Developmental and Structural Section
Conway, Stephanie , Drinnan, Andrew .
Surface analysis of cell division in the shoot apical meristem of gymnosperms.
The shoot apical meristem is a complex structure, and the network of controls that are responsible for the maintenance and productivity of the meristem are still far from being understood, particularly in gymnosperms. In order to interpret underlying genetic and mechanical processes at work, a comprehensive understanding of the cellular development of the SAM is required. Here we present detailed surface analyses from 35 species of gymnosperms using confocal microscopy of whole mount SAMs. Two main processes of growth were identified. Firstly, at the summit of the apical dome, a right-angle type of cell division is the most common pattern in the apical initials and their derivatives. This type of cell division is where daughter cells tend to divide perpendicular to the previous division, so that the new cell walls are at right angles to each other. Related packets of two, three or four daughter cells commonly occupy the summit of the dome. The second type of growth occurs on the periphery of the apical dome, where growth takes on a different form. Here proximal derivatives of the apical initials begin to divide parallel to the previous division to form long axial chains. Development patterns across the whole apical dome proceed differently depending on the size and shape of the meristem. Small and tall apices often maintain a single packet of up to four cells on the summit, which produce only a small number of periclinal divisions, and very little surface development. Medium apices commonly have four or more packets of three or four in their summit zone, all of which can proliferate extensively on the surface as well as contribute to internal growth. The largest and flattest apices have numerous packets of two to four cells occupying a large summit zone and many of cells are dividing periclinally. These detailed surface analyses have revealed patterns of cell division that clarify how growth precedes from apical initials and how the shape of the meristem influences the distributions of growth. Variation in these patterns across different gymnosperms appears related to the shape and size of the meristem with little correlation to phylogenetic relationships.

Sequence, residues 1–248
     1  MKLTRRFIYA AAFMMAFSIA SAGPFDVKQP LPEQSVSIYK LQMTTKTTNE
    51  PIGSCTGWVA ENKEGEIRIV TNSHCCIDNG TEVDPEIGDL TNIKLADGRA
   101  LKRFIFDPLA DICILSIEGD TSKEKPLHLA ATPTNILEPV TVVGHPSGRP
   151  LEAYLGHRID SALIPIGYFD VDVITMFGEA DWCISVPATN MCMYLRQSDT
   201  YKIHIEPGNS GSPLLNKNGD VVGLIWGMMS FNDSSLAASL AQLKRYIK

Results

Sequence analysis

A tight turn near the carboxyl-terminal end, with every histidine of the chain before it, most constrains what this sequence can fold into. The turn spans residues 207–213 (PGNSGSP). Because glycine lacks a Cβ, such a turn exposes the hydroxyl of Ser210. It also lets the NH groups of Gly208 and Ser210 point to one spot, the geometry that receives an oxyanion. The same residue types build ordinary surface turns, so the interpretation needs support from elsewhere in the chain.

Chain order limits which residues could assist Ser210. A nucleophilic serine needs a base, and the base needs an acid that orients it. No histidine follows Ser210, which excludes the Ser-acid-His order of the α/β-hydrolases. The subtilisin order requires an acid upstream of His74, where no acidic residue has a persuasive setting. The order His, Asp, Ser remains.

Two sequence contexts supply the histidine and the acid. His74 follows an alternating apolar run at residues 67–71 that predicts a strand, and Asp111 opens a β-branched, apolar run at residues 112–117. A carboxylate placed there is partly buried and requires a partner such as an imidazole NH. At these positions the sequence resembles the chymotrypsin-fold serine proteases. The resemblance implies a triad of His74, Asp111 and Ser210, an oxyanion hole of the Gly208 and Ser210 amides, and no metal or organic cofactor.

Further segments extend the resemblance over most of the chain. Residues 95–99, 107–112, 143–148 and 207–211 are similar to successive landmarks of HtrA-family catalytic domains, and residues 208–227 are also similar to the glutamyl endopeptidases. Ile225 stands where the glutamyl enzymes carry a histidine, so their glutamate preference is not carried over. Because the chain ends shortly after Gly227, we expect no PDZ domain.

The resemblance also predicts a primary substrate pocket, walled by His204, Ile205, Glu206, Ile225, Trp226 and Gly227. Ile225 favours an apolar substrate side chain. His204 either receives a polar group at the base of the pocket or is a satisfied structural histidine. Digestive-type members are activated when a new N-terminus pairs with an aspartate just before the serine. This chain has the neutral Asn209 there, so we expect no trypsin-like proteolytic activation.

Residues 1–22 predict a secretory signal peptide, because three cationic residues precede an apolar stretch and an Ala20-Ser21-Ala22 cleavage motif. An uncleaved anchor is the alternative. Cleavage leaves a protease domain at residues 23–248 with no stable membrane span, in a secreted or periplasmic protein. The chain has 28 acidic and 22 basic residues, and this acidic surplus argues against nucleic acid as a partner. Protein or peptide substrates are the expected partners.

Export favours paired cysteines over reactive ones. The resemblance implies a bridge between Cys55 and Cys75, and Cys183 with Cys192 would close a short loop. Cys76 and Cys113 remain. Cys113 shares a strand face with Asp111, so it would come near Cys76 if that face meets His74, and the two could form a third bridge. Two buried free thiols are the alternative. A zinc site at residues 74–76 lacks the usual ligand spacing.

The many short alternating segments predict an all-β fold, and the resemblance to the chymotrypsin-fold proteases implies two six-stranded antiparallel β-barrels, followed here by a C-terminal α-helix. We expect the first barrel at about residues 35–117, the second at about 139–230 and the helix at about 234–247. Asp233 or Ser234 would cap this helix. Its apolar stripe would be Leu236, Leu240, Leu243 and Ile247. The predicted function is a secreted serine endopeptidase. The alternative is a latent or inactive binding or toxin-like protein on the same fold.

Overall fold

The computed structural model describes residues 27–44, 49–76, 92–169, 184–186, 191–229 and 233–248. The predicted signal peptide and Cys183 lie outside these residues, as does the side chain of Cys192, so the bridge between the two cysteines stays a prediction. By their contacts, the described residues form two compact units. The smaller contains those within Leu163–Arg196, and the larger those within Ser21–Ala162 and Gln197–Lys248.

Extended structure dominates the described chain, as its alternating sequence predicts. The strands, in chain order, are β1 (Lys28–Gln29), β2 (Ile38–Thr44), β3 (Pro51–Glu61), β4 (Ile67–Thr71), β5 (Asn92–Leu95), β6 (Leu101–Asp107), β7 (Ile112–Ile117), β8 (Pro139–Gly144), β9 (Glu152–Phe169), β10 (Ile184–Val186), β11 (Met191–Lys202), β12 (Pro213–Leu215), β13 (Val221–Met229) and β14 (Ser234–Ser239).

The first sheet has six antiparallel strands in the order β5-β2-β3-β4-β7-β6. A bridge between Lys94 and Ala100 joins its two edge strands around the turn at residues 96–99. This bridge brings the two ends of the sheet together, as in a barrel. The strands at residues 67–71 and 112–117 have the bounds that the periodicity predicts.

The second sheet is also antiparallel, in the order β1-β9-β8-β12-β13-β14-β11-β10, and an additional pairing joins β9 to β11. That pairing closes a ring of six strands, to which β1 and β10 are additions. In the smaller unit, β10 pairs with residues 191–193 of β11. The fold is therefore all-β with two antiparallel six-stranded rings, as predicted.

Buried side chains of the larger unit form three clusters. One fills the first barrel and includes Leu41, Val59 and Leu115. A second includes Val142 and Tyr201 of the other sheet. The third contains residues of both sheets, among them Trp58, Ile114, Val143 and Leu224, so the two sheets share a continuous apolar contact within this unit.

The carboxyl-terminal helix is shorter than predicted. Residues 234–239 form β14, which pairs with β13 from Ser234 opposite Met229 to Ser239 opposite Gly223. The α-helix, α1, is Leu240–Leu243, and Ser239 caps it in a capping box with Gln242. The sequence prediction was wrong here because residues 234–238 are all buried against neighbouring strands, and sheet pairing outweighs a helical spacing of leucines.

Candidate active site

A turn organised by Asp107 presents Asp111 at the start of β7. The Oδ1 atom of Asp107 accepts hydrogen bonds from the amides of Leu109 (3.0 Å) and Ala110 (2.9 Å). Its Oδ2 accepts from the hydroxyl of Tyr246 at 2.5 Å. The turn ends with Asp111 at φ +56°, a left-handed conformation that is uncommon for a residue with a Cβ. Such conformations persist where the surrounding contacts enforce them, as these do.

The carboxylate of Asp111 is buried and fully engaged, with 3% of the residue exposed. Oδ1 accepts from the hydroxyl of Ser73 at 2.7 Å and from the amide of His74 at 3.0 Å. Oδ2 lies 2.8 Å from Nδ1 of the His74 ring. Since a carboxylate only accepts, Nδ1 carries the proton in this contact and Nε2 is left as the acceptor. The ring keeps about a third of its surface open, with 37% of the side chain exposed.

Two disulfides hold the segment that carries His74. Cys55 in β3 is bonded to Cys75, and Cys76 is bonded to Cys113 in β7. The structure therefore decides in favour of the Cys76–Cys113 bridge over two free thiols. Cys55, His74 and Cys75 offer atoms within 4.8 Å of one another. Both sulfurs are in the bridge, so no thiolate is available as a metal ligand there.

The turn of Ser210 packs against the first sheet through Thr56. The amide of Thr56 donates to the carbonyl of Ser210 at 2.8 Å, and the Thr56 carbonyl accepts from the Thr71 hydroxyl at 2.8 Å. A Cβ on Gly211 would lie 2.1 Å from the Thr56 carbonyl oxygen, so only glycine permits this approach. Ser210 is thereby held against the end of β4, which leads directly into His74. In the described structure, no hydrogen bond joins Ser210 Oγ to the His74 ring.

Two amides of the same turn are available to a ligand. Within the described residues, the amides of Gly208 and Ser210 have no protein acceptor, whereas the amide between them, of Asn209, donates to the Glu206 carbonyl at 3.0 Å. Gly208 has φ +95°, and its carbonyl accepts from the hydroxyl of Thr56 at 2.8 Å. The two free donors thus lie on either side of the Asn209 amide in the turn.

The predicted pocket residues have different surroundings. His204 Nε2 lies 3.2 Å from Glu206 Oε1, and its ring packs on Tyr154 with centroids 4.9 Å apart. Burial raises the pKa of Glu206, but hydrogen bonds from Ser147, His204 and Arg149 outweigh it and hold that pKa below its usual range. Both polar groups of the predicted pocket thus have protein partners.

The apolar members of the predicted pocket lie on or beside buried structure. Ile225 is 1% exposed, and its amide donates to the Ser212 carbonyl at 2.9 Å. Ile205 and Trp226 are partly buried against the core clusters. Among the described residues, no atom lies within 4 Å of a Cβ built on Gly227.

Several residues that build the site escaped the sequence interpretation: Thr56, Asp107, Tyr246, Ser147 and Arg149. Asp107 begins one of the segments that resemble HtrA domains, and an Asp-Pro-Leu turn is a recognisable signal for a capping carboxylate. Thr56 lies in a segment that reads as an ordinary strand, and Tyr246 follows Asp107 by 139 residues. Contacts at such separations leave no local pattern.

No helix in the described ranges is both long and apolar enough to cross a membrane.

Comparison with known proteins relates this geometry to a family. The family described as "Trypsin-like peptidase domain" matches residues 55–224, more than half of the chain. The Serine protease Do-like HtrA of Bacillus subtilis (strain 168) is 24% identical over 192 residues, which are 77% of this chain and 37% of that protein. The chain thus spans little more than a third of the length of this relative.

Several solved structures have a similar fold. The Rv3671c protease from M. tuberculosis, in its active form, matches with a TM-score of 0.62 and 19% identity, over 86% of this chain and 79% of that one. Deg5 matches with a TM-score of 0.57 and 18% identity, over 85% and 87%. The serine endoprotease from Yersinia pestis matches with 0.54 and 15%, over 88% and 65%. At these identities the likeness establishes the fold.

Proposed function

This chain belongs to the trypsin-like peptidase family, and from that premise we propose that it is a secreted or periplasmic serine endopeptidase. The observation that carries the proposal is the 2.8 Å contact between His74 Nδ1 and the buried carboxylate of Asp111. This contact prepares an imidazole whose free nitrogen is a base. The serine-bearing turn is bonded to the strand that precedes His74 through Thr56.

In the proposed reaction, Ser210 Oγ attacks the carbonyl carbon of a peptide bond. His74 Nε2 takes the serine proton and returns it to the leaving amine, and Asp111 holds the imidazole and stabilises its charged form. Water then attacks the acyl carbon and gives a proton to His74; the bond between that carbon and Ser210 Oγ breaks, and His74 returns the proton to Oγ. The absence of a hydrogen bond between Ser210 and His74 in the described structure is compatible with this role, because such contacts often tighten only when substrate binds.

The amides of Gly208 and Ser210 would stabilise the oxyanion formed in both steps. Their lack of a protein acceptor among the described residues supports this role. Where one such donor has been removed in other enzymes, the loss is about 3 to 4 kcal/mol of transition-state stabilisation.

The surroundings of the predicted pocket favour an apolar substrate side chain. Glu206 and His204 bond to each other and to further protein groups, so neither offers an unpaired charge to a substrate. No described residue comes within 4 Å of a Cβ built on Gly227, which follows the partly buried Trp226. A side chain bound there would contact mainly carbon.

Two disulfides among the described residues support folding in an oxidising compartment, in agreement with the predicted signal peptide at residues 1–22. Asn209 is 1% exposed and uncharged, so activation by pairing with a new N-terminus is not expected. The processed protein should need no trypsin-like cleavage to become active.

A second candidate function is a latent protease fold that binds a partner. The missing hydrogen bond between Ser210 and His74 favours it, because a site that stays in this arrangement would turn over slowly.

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1 - The University of Melbourne, School of Biosciences, Parkville, Melbourne, VIC, 3010, Australia
Shoot apical meristem
Apical meristem development
Cell division patterns
Confocal Microscopy .
Presentation Type: Oral Paper:Papers for Sections
Location: Salon 11/The Shaw Conference Centre
Date: Tuesday, July 28th, 2015
Time: 1:30 PM
Candidate for Awards:Katherine Esau Award,Maynard F. Moseley Award